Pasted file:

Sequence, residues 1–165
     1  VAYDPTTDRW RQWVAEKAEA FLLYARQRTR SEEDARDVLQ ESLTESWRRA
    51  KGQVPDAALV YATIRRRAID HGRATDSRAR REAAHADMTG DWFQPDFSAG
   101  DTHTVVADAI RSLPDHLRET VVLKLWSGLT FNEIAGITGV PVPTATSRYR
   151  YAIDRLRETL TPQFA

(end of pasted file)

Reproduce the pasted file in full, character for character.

Sequence, residues 1–165
     1  VAYDPTTDRW RQWVAEKAEA FLLYARQRTR SEEDARDVLQ ESLTESWRRA
    51  KGQVPDAALV YATIRRRAID HGRATDSRAR REAAHADMTG DWFQPDFSAG
   101  DTHTVVADAI RSLPDHLRET VVLKLWSGLT FNEIAGITGV PVPTATSRYR
   151  YAIDRLRETL TPQFA